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Recent Examples on the Web: Adjective Veysey said that imperative was in conflict with the desire of Landmarks Commission members who wanted the building set back from West 25th Street so as not to obscure views of the nearby St. Malachi Church. Steven Litt, cleveland, "Cleveland Landmarks Commission approves 16-story Bridgeworks apartment-hotel project at west end of Detroit Superior Bridge," 9 Apr. 2021 In the midst of a racial reckoning in America last summer, major media companies recognized the imperative to do a better job of representing the stories — and the projects — of diverse communities. Meg James, Los Angeles Times, "Social justice activist Tarana Burke lands CBS Studios production deal," 6 Apr. 2021 In parallel, all five of HHS’s former chief technology officers — spanning both Democratic and Republican administrations — have highlighted the imperative to rebuild outdated organ donation technology. Greg Segal, STAT, "Reforming and improving organ transplant systems will save lives, taxpayer dollars," 3 Apr. 2021 Perhaps the imperative to focus on domestic life, keep the clan together, burnish the family image and brush away the ugly spots was the central occupation of the Bush women, no matter what was happening outside the White House gates. Washington Post, "For three generations of Bush women, personal pain and a public spotlight," 19 Mar. 2021 And what about his own campaign-trail promise of accountability for the killers of the Saudi dissident journalist Jamal Khashoggi, which now seems to have collided with the Realpolitik imperative of not offending a powerful ally’s Crown Prince? Susan B. Glasser, The New Yorker, "What Does National Security Even Mean Anymore, After January 6th and the Pandemic?," 4 Mar. 2021 Finally, the imperative to stay or get well on an individual level before trying to make any contribution to our teams was also felt viscerally in 2020. Nell Derick Debevoise, Forbes, "The GPS You Need To Avoid Getting Left Behind In The Future Of Work," 1 Mar. 2021 All of this would be unfortunate, regardless, but there are significant public policy implications that flow from the imperative to improve diversity at the department, including among the U.S. attorneys throughout the country. Ankush Khardori, The New Republic, "The Justice Department Is Way Too White," 8 Feb. 2021 The new, more forgiving guidelines highlight the difficulties the state has had in balancing the need to vaccinate vulnerable populations quickly with the imperative to prevent fraud and favoritism in the vaccine distribution process. New York Times, "After Unused Vaccines Are Thrown in Trash, Cuomo Loosens Rules," 10 Jan. 2021 Recent Examples on the Web: Noun The new imperative is to quickly conceptualize, test, launch, and operationalize a series of smaller products and services targeted at specific segments of the market. Ron Shevlin, Forbes, "Embedded Fintech Versus Embedded Finance: Jumpstarting New Product Innovation In Banks," 12 Apr. 2021 This can be difficult in areas where testing lags, but it’s an international imperative. Eve Sneider, Wired, "Tracking Variants, New Hot Spots, and More Coronavirus News," 9 Apr. 2021 Pandemic or no, Brood X will rise—an immutable imperative of nature, human crisis be damned. Katherine J. Wu, The Atlantic, "Cicadas Know How to End a Multiyear Lockdown," 5 Apr. 2021 Rationalizing evil by calling it an imperative of the system, Barnes’s contention has a chilling historical resonance. Kyle Smith, National Review, "The Years Have Not Been Kind to Platoon’s Macho Melodrama," 6 Mar. 2021 For Unapologetic's James Dukes, whatever the fallout of 2020 was for Black artists, the ultimate imperative was simply to find a way to continue to create. USA Today, "From COVID-19 to protests, how 2020 impacted Black artists and creatives," 26 Feb. 2021 The imperative of statesmanship is to bring us together in the wake of the divisive Trump presidency. Donald Brand, Fortune, "Rushing Trump impeachment will only worsen America’s wounds," 15 Jan. 2021 Our shipbuilding and supporting vendor base constitute a national security imperative that must be steadily supported, and grown, to maintain a skilled workforce. al, "Austal USA breaks ground on steel production line, opening ‘new era’," 26 Mar. 2021 Youth advocates, economists, and other policy experts broadly agree on the overall imperative: post-pandemic programs specifically targeted at young people. Ned Temko, The Christian Science Monitor, "Millennials bore COVID’s economic brunt. Will boomers help them out?," 25 Mar. 2021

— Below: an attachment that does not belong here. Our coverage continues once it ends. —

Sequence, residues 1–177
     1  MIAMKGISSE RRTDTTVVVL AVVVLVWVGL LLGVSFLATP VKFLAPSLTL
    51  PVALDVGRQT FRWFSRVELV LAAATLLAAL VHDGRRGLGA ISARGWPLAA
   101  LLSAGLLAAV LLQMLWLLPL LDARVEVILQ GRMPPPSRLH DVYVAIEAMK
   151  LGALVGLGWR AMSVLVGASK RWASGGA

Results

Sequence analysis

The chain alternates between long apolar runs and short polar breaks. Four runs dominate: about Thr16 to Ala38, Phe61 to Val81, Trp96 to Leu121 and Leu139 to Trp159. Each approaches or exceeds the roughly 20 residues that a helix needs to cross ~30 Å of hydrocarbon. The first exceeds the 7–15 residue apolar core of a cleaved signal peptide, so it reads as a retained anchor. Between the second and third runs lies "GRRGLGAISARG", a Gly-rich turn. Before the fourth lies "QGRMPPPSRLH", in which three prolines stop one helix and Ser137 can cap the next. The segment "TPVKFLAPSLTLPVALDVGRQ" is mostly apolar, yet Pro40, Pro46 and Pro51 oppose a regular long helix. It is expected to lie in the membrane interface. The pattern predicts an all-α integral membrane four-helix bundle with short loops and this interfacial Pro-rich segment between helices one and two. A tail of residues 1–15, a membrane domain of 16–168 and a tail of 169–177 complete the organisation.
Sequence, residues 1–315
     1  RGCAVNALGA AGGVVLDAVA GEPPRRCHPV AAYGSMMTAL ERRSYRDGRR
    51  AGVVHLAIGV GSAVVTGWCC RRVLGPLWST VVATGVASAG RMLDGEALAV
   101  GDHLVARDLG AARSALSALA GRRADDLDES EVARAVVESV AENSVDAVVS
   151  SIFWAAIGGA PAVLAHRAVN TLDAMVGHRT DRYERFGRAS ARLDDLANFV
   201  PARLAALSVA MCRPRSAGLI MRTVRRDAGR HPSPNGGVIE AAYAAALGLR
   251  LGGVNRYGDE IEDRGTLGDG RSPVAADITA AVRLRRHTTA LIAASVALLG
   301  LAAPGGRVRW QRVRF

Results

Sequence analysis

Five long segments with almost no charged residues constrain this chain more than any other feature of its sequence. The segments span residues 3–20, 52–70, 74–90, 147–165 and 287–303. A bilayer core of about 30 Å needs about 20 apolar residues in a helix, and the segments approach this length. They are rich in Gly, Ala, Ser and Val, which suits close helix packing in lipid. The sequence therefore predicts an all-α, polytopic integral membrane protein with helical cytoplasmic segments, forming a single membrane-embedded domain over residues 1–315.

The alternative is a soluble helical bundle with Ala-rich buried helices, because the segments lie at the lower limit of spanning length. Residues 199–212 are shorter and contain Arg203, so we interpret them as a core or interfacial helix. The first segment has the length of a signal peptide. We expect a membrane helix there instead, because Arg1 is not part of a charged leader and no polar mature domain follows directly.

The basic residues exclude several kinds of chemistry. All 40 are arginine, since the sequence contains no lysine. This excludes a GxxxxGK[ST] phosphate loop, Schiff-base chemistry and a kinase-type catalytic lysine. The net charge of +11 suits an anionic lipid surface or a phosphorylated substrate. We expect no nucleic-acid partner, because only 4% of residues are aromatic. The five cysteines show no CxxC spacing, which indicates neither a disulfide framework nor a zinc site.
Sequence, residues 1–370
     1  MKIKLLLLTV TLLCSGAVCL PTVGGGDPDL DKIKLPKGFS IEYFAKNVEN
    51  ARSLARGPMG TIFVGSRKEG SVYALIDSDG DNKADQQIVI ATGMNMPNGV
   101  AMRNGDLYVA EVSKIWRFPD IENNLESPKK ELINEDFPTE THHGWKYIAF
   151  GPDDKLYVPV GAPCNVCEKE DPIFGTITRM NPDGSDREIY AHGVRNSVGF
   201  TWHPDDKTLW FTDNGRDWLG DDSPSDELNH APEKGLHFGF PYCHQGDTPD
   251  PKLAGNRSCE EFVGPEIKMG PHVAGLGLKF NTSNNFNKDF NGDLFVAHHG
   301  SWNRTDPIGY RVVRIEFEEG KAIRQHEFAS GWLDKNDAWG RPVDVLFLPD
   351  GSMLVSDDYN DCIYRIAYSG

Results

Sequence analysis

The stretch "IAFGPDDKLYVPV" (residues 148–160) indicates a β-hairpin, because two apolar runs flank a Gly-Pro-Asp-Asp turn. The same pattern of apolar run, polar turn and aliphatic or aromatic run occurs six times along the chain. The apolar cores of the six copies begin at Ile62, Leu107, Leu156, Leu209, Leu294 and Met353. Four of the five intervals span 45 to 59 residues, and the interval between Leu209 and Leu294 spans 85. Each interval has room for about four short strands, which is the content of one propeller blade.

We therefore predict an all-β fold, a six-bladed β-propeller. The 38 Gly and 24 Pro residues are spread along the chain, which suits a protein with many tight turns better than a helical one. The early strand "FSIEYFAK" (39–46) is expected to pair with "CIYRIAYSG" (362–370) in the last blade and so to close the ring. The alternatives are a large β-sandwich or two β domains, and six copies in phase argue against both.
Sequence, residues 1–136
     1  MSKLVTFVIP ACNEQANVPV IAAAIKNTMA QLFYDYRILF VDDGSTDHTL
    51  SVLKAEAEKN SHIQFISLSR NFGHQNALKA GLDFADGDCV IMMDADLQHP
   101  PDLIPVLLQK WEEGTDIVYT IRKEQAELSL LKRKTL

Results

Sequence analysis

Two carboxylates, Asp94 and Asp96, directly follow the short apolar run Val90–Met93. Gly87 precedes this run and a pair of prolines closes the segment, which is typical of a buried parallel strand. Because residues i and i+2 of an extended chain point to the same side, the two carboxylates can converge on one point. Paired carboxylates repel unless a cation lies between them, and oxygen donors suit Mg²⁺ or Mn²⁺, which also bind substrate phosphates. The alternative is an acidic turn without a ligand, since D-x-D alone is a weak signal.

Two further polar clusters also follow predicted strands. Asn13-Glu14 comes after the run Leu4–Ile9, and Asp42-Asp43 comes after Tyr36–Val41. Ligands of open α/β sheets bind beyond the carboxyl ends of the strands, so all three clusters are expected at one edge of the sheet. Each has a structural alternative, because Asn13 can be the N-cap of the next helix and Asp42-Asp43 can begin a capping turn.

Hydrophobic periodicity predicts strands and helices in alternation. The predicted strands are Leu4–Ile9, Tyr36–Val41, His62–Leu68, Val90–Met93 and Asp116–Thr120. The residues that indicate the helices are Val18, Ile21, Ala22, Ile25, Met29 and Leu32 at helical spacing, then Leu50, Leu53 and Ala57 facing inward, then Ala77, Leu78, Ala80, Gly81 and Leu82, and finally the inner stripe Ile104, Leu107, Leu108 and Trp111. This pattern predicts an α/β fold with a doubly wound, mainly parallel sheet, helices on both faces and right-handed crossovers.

These example sentences are selected automatically from various online news sources to reflect current usage of the word 'imperative.' Views expressed in the examples do not represent the opinion of Merriam-Webster or its editors. Send us feedback.